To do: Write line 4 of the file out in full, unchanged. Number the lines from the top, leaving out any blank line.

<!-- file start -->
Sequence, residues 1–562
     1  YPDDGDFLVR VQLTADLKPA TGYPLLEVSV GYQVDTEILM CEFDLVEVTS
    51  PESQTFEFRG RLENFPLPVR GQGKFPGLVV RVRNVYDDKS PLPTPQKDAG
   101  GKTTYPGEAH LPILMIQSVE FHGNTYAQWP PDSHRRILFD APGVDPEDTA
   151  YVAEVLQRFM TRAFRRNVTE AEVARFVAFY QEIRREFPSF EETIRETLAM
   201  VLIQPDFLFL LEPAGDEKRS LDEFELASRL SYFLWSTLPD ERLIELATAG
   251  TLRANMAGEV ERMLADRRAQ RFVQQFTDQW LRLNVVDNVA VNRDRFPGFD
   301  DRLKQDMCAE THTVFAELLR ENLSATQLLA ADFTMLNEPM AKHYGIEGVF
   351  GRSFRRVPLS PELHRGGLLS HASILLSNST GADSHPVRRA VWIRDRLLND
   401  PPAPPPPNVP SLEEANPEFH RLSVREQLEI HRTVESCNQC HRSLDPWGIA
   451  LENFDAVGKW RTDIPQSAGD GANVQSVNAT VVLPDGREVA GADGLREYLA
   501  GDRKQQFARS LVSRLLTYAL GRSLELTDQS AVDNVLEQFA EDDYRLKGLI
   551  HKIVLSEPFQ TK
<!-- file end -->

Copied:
   101  GKTTYPGEAH LPILMIQSVE FHGNTYAQWP PDSHRRILFD APGVDPEDTA